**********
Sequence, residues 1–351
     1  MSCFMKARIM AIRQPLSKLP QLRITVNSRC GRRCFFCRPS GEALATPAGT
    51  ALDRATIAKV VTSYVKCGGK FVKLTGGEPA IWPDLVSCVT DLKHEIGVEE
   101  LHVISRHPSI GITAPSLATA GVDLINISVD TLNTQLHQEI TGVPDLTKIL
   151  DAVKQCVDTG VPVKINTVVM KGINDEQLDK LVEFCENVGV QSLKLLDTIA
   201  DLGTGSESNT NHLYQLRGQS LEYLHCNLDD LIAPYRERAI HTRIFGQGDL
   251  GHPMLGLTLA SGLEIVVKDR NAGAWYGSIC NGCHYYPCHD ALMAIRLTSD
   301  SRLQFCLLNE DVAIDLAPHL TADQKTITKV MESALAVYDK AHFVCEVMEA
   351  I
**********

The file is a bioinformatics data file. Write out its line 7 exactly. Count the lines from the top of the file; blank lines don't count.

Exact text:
   251  GHPMLGLTLA SGLEIVVKDR NAGAWYGSIC NGCHYYPCHD ALMAIRLTSD